With the recent on-campus attacks still fresh on many students’ minds, the issue of whether or not to allow the carrying of concealed weapons on campus is beginning to resurface in the campus safety conversation. Currently, state law prohibits the carrying of firearms on or around college campuses, but the recent increase in crime on and around the Tech and Ga. State campuses has prompted several state lawmakers to suggest overturning the ban on concealed weapons on college campuses.
In the coming weeks, the campus community will have to consider a number of questions related to guns on campus: Is it fair to deny students the right to protect themselves? Is allowing guns on campus safe?
The debate is all too familiar for those students who were around during the ‘09-’10 school year, which saw a similar push to allow concealed weapons on campus, including a bill introduced in Ga. State Legislature.
That time around, UHR passed a resolution opposing the measure. Institute President G.P. “Bud” Peterson was also a vocal opponent, and he says he will continue to support the ban of concealed weapons on campus.
“The vast majority of the university presidents in the University System of Georgia and the vast majority of the campus police chiefs are unified in their opposition to this,” Peterson said. “These are people who understand college campuses, safety, young people—the whole environment.”
The conceal-carry issue on campus promises to continue to be controversial and divisive. Many students and administrators alike are worried that students aren’t responsible enough to be trusted with easy access to guns.
“I do not believe that guns, alcohol and college students are a good mix,” Peterson said.
Andres Celedon, Chair of the GT College Republicans, believes that this is an unfair stigma surrounding gun owners.
“I have confidence in licensed gun owners,” Celedon said. “They’re some of the most mature people I know.”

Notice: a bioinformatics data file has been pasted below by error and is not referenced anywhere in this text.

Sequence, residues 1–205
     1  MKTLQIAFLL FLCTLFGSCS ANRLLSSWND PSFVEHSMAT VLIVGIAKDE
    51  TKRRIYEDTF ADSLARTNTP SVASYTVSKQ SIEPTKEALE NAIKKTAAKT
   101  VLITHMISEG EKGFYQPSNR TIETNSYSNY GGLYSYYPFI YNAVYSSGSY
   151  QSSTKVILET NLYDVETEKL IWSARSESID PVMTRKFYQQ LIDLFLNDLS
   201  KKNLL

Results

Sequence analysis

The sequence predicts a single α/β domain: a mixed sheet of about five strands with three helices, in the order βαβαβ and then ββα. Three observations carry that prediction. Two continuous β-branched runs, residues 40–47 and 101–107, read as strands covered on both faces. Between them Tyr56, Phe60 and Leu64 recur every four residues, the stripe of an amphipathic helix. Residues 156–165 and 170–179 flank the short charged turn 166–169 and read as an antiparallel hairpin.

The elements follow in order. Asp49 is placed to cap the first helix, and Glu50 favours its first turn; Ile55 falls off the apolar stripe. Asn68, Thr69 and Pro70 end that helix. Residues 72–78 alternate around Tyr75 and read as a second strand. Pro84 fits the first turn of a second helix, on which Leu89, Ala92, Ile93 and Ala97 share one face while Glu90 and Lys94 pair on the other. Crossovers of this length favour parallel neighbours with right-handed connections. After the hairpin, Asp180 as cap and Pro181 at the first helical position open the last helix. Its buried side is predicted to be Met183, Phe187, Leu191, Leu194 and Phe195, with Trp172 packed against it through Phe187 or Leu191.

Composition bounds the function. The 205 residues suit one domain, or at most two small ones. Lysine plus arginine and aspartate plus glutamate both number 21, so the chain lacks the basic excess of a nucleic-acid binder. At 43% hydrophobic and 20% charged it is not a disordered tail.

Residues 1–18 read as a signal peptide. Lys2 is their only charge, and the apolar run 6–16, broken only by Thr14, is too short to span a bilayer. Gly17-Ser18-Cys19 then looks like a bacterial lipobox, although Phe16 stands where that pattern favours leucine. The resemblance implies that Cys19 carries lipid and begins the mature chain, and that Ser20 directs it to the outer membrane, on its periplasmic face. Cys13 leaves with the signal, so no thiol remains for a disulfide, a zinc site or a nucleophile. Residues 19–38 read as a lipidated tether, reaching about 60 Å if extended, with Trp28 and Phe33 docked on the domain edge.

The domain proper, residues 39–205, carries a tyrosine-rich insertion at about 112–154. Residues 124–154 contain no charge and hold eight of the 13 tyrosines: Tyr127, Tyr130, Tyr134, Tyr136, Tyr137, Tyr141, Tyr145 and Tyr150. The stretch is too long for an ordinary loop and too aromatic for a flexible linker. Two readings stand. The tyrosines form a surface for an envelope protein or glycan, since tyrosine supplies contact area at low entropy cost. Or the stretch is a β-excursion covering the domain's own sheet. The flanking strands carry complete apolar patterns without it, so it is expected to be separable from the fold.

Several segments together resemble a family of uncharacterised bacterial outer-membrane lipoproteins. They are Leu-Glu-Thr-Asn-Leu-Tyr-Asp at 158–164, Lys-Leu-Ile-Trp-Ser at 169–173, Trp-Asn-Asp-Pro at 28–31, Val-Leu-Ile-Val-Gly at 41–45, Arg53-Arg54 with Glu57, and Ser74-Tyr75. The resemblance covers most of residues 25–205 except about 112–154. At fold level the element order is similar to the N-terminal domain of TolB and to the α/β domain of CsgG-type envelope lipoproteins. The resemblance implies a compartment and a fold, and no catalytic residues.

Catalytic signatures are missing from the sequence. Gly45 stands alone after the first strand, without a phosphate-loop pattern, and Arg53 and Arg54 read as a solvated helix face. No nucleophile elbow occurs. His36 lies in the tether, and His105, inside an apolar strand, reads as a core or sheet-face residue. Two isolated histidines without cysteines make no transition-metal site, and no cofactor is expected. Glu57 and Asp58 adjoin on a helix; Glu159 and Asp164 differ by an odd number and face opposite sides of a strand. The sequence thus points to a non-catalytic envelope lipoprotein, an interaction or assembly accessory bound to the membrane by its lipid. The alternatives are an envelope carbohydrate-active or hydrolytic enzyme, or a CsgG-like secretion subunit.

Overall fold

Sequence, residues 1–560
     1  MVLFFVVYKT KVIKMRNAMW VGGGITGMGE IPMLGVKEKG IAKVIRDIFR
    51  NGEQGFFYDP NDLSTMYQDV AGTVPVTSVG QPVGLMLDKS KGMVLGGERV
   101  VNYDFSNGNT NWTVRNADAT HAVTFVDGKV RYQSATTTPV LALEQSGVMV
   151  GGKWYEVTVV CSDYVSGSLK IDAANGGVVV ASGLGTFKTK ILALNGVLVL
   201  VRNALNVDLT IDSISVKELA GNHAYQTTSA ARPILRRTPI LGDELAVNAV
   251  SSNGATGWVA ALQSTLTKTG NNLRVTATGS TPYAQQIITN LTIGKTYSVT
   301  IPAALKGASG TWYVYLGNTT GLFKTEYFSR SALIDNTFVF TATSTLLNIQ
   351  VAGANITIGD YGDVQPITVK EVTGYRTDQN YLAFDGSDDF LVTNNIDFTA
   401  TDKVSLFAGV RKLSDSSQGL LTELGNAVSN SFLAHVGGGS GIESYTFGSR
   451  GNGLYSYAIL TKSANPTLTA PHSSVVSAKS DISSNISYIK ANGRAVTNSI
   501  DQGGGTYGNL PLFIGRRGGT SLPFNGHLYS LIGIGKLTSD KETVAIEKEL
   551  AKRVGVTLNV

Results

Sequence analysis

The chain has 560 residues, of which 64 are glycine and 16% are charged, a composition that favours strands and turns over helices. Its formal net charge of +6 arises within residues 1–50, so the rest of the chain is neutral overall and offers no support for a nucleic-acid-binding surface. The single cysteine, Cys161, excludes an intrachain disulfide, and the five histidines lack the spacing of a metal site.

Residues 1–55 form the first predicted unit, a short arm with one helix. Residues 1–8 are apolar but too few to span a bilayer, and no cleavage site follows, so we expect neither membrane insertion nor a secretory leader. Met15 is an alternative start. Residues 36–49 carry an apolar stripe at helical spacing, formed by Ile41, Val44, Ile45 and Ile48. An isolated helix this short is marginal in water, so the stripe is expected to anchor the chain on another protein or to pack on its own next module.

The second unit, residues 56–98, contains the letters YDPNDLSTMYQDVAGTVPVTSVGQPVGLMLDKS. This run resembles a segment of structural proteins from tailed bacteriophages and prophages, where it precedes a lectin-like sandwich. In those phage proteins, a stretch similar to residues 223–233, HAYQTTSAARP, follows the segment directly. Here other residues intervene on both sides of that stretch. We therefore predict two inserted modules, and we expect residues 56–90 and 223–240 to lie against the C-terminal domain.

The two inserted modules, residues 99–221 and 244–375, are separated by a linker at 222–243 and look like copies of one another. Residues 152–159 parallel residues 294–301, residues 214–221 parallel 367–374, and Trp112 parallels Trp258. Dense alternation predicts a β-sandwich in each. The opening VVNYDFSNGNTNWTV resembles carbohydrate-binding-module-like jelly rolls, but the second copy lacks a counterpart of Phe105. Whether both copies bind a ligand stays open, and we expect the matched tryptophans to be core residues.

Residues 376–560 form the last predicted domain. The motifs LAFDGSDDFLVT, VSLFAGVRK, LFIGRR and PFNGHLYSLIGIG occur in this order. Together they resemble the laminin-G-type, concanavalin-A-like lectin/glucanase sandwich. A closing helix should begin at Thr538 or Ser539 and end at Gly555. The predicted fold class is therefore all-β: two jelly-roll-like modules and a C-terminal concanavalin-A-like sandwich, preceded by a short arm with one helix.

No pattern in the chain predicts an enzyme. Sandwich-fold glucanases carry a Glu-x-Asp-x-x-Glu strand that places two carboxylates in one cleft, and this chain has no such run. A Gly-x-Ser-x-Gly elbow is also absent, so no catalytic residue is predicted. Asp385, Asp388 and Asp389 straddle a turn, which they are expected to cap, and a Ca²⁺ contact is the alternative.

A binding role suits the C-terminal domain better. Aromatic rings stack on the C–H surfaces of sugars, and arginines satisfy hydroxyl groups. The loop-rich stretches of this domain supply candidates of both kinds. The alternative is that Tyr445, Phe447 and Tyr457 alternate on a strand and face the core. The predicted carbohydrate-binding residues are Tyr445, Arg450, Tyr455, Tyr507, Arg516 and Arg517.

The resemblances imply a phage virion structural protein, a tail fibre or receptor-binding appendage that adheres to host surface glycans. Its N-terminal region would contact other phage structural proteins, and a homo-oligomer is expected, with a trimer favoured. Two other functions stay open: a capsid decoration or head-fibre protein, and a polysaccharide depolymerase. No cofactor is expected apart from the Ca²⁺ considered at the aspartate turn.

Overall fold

College Republicans and GT Students for Concealed Carry on Campus are actively lobbying to change legislation. They hope that by spreading awareness about the issue and ensuring that responsible people are allowed to carry weapons on campus, they can help increase safety at Tech.
Opponents, though, insist that even a responsible gun owner is unlikely to be able to use a firearm for self defense.
“If you or I had a weapon, and somebody came up with us to a gun, what are the chances that we could actually use that weapon to defend ourselves?” Peterson said.
Teresa Crocker, Chief of Police for GTPD, says there is a big difference between someone trained to own guns responsibly and someone trained to stop crimes. “Every bullet that comes out of that gun is going somewhere, so if you don’t hit your target, what are you going to hit?” Crocker said.
John Koch, President of the College Democrats, urged students to keep their faith in GTPD.
“These are people who have sworn an oath to protect us,” Koch said. “They’re armed for a reason.”
GT Students for Concealed Carry on Campus plans to hold a town hall to discuss the issue on Feb. 18, and if a bill to overturn the ban on concealed weapons is introduced in the state legislature, more discussions among the community are likely to follow.
Additional reporting by Sam Somani, Staff Writer.